Each box after, the Naruto and Hatsune Miku, where just as tailored and cared for. While I can say I never got a box that was too badly beaten up, I do know that others were not as fortunate. Viewster, previously the Omakase section, made sure that fans and supporters who received damaged boxes and content where aptly taken care of. Heck, just this morning I caught a Twitter conversation regarding the, Kill la Kill Vol. 2 Hardcover, in which a supporter got a damaged one and while Omakase has officially closed, Viewster is still strongly trying to help those who are still needing some assistance. That is dedication to their fans. The tailored experience was essential and a point of inspiration for Viewster’s Omakase program. Knowing that you were not getting a box that was stuffed with items seemingly picked at random, was all the more reassuring. Sadly, many feel that this method was to play in the downfall of Omakase. If you knew what was coming, would you subscribe to something that only consisted of items from a singular fandom? More than likely not. It was nice to be able to see what you were getting from the box in advance, rather than hope that whatever item you were getting from the box in question was going to be something you liked. I am so ever thankful none of the Omakase boxes shipped with the awful Funko Pop! Figures… I personally cannot stand them. However others love them. Omakase’s goal was to set out to provide a truly curated experience that sought to provide fans with a box that was both premium and full of inspiration. They wanted their subscribers to know they were not going to provide them with anything less than average. The verdict? They delivered on that promise. Everything was tailored to the specific box and all the exclusives were beauties to behold. Especially that adorable Hatsune Miku Squishable.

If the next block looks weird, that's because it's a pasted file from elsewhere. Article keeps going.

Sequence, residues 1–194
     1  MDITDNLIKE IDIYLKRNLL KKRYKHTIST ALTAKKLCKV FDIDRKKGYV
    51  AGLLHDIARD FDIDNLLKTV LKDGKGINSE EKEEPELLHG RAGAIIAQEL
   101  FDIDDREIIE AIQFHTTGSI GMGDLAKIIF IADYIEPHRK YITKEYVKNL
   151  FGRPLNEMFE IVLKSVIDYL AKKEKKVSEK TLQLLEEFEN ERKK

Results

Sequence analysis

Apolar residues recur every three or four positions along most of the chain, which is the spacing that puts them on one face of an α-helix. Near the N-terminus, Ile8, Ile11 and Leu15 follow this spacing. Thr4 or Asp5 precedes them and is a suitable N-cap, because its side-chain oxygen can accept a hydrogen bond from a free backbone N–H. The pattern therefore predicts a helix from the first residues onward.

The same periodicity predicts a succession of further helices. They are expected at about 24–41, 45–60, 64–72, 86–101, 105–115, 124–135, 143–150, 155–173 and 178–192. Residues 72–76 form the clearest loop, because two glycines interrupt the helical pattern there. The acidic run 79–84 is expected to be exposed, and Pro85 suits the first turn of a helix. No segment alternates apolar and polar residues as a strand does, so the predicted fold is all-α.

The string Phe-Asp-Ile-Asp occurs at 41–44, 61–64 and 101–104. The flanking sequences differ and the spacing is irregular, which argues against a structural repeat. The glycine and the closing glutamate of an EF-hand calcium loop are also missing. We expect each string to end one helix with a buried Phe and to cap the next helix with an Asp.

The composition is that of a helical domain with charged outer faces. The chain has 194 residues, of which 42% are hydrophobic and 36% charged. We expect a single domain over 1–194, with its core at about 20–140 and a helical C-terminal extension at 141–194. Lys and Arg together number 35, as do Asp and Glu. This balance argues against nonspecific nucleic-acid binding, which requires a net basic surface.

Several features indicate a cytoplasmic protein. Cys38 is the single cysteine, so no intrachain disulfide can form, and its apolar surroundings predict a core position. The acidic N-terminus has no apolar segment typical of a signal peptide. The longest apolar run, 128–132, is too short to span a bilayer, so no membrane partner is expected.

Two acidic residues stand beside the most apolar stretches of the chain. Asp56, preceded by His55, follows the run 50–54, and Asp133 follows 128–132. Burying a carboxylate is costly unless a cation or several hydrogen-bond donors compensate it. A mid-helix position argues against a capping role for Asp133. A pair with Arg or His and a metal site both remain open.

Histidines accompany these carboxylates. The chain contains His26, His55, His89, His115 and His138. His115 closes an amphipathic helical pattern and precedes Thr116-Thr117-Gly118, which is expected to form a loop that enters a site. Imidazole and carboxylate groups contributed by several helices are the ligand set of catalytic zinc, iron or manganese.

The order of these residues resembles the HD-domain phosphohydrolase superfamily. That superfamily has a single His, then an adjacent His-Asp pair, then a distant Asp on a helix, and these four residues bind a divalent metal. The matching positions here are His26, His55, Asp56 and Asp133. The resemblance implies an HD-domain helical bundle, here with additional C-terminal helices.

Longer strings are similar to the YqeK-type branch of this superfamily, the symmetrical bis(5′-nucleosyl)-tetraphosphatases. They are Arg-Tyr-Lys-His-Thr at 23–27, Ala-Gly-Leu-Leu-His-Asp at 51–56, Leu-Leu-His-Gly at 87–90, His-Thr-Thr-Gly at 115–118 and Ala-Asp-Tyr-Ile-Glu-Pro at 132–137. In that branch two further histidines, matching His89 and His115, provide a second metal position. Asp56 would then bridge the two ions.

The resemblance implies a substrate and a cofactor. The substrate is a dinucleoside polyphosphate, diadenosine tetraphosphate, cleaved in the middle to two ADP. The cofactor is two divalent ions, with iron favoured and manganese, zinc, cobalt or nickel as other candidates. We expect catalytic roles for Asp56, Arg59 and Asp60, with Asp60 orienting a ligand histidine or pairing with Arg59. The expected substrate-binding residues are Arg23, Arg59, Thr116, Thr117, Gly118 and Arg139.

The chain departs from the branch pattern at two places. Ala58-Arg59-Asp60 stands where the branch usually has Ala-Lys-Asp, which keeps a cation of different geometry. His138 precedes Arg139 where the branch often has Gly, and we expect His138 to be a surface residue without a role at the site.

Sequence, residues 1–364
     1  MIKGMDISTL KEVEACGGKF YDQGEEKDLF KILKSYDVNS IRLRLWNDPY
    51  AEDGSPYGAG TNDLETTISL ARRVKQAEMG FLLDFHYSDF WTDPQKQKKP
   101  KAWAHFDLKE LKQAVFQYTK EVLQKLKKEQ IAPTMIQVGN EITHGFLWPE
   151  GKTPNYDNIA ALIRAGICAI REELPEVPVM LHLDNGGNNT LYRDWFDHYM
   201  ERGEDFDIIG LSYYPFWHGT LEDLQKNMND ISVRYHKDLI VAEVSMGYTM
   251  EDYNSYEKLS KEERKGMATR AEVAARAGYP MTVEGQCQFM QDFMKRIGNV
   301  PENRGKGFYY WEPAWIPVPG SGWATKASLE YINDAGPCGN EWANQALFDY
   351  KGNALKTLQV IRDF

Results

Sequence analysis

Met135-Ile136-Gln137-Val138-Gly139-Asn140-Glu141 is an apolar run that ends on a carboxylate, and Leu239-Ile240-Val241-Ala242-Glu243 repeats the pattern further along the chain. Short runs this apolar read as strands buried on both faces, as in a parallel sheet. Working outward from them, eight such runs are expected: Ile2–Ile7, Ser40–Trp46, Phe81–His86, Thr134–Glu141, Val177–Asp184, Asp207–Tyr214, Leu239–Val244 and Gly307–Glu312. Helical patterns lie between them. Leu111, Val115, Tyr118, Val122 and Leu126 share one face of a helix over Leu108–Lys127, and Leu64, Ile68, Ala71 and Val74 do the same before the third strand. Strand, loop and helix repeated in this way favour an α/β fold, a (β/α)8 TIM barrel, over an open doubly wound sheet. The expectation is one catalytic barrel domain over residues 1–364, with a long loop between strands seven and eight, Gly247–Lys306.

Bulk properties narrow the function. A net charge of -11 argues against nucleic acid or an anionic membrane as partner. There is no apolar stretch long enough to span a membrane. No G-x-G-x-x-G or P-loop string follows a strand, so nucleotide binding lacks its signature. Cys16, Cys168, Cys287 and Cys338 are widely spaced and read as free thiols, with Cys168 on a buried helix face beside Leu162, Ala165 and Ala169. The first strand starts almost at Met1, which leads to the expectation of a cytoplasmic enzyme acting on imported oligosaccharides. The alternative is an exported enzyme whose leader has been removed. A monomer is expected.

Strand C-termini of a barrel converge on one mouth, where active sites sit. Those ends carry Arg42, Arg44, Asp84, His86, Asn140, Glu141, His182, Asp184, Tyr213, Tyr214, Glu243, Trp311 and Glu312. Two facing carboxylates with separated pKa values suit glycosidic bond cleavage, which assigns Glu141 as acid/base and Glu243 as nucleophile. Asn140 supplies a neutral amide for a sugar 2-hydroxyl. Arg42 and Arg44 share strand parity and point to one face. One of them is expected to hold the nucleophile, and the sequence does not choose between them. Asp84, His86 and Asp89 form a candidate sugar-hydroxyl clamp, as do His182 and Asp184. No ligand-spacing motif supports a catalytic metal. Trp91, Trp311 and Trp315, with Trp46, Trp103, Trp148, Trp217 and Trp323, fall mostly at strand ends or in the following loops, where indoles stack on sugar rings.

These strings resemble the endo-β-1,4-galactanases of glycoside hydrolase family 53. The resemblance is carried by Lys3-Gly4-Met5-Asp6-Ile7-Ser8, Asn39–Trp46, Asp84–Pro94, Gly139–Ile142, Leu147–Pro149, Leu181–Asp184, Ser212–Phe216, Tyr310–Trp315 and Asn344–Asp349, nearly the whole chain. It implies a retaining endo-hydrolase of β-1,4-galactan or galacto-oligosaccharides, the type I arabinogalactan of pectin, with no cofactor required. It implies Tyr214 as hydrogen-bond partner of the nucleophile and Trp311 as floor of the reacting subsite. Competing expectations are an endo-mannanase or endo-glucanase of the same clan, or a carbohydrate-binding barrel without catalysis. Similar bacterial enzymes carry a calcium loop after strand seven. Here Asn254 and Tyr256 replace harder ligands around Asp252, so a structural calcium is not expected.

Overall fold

The digital side to Omakase was both comic and music based. With names like Cristina Vee and Sparklez* headlining the digital exclusives, you knew that the program was not messing around one bit. They were just as tailored as them items that came in the boxes. I cannot express how much of a home they have on my iPhone, as the boxes do in my collection. The contents of the boxes themselves ranged from apparel to figures. Everything that was exclusive to the boxed program was done so with artists and the creators of the products themselves and they were made with the utmost attention to detail. The Senketsu scarf was by far my favorite and pride out of all the boxes; not to mention the hardcover Vol 1 and 2 of Kill la Kill’s manga run. While the first two boxes had a split of exclusive to nonexclusive, the very last box was all exclusive content. From the Hatsune Miku Squishable to the stickers, every last one was a special curation for the last box for Omakase. Many artists gave this last and final box their best and it paid off in my opinion.